precipitation reaction. His finding agreed with the observations of Skura and
Nakai (1981), that stabilization of asi-casein by K-carrageenan was not a
function of any sequestering action, but was possibly related to the
establishment of calcium salt bridges between the polysaccharide and the
protein.
Reproduced with permission of the copyright owner. Further reproduction prohibited without permission.
71
Effect of heat
A hydrolytic effect of heat sterilization on carrageenan was demonstrated in
a synthetic milk salt system by Badui et al. (1978). The heat induced
changes included increased elctrophoretic mobility on cellulose acetate and
agarose, reduced viscosity, increased reducing power and reduced
molecular weight by sedimentation equilibrium centrifugation. The apparent
average molecular weight decreased by 42% after 20 minutes of heat
treatment at 122C. The hydrolytic process was a first-order random
degradation with a velocity constant at 122C approximately twice as large as
has been reported for heat degradation of carrageenan in aqueous solution
at pH 7.0. The increased hydrolysis in the milk salt environment was
attributed to a drop in pH which occurred during heating of that system which
was greater than that for normal milk. The finding that carrageenan is
subject to significant depolymerization when heated in a milk salt system
has a great impact when assessing the functional properties of this polymer
in milk products. For example, Snoeren et al., 1975, have reported a
minimum molecular weight of 100,000 for carrageenan to control creaming
in evaporated milk. Also, Lin and Hansen (1970), have demonstrated the
importance of polymer size with respect to stabilization of alpha-casein with
degraded carrageenan, and Lin (1972) has shown that this stabilization
requires the molecular weight of the carrageenan to be limited to a range of
100,000 to 300,000 daltons. In 1985, Desai and Hansen demonstrated a
high degree of thermal stability for carrageenan that had been heated in
cacodylate buffer, pH 7.0 containing 0.25M sodium chloride. They attributed
this stability to the altered conformation of the polymer in a solution
containing elevated levels of inorganic salts and the absence of oxygen.
This finding concurred with the results of an earlier study by Masson et al.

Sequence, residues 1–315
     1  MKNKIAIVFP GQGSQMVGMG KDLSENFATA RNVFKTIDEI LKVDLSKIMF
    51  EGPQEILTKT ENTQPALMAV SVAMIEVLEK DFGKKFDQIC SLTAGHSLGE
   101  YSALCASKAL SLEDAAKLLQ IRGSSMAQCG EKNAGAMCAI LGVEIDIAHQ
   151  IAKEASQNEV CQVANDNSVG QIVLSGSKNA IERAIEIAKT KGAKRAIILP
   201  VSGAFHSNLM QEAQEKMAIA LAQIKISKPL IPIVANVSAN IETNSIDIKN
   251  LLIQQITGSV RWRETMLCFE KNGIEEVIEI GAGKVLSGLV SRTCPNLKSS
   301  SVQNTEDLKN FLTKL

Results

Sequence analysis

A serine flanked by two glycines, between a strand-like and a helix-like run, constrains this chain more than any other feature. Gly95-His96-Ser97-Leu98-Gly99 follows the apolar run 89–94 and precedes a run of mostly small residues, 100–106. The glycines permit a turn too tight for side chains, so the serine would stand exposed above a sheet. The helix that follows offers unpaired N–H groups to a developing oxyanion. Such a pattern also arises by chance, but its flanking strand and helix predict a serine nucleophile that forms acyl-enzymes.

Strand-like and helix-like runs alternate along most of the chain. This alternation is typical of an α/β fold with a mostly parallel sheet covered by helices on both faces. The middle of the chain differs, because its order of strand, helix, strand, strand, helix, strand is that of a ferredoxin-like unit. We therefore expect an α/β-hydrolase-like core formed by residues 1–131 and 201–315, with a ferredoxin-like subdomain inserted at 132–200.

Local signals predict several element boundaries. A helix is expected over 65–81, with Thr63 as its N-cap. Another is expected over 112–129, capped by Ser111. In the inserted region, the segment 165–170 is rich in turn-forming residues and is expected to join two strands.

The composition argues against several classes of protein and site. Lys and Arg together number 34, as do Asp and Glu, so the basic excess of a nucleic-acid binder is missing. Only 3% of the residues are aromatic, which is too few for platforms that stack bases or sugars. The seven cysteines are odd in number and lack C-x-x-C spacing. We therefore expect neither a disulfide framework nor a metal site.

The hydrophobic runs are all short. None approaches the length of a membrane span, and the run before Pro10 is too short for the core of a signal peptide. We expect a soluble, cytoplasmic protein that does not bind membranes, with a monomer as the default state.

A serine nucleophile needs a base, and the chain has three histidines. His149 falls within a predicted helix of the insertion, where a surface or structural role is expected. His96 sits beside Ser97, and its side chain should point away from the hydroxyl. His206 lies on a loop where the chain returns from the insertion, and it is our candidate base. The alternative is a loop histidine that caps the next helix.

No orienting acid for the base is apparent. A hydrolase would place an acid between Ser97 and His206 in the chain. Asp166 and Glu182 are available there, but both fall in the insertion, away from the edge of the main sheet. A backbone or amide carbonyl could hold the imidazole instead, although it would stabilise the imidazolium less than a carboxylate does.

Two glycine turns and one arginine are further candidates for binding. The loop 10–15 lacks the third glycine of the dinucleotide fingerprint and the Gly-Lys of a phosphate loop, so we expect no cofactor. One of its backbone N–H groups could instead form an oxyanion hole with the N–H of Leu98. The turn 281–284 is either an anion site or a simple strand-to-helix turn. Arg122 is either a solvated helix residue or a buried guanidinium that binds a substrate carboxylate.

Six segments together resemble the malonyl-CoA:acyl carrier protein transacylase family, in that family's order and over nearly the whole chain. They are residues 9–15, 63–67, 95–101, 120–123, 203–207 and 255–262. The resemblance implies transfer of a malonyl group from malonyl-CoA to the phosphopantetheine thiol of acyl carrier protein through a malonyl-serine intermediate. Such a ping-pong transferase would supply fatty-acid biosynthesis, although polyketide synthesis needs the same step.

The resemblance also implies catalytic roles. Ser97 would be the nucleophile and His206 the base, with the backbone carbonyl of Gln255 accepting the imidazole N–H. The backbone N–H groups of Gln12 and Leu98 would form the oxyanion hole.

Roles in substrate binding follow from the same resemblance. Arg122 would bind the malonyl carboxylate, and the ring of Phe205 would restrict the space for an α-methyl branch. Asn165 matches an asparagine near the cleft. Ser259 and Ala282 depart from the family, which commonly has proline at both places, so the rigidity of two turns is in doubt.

R eproduced with permission of the copyright owner. Further reproduction prohibited without permission.
(1955), in which he proved that the presence of dissolved oxygen has a
considerable effect on the heat degradation of carrageenan at high
temperatures. Desai and Hansen (1985) concluded that the thermal
degradation of carrageenan was minimized in systems where the electrolyte
concentration was high and where the oxygen had been effectively
removed. Hence, they suggested that it would be beneficial to
manufacturers of concentrated milk products to add the carrageenan in the
late stages of evaporation. This suggestion is also applicable in the
extraction and manufacture of carrageenan where minimum degradation of
the polymer is desired.
OBJECTIVES
The present investigation was carried out to determine the differences in
structure of milk gels prepared with carrageenan when heated in the
microwave oven versus conventional heat, by scanning electron microscopy
(SEM). Microwave heating causes the oscillation of dipolar materials in a
rapidly changing electromagnetic field. The vibration of the charged groups
in the gel structure could affect the electrostatic bonds and cause the gel
structure to be altered. Also, microwave heating could result in degradation
of the polymer strands, affecting overall functionality. The objectives of this
study have been: (a) to observe, by SEM, the effect of heating
carrageenan-milk gels by conventional means and by microwave energy,
and (b) to measure the changes in gel strength using the Instron Universal
Testing Machine.
MATERIALS
Reproduced with permission of the copyright owner. Further reproduction prohibited without permission.
73
Carrageenan (Type 335 Gelcarin GP 379 ) was obtained from Marine
Colloids.
METHODS
Gel preparation
A 1.2% carrageenan solution was prepared by dispersing the polymer in
deionized water. The solution was heated to 180F and cooled, undisturbed,
overnight in an ice bath. The next day, the carrageenan solution was mixed
with an equal amount of 18% skim milk solution to produce a 0 .6 % milk gel.
The mixture was heated in water bath to 160F with occasional stirring. The
sample was homogenized while hot using a valve homogenizer. The
homogenized solution was poured into 250 ml pyrex beakers upto the 150
ml mark and cooled in an ice bath. The beakers were covered with
aluminum foil and allowed to gel overnight in the refrigerator.
Heat treatment
The next day, the beakers were removed from the refrigerator and placed at
room temperature for 2-3 hours. For conventional heating, the samples
were placed in a water bath at 75°C for periods of 10, 20 and 30 minutes
after they had reached equilibrium temperature. The samples for microwave
treatment, were placed in the center of a Kenmore microwave oven one at a
time. The temperature probe attached to the microwave oven was placed
into the gel and heating was performed using the hold warm control at 75°C.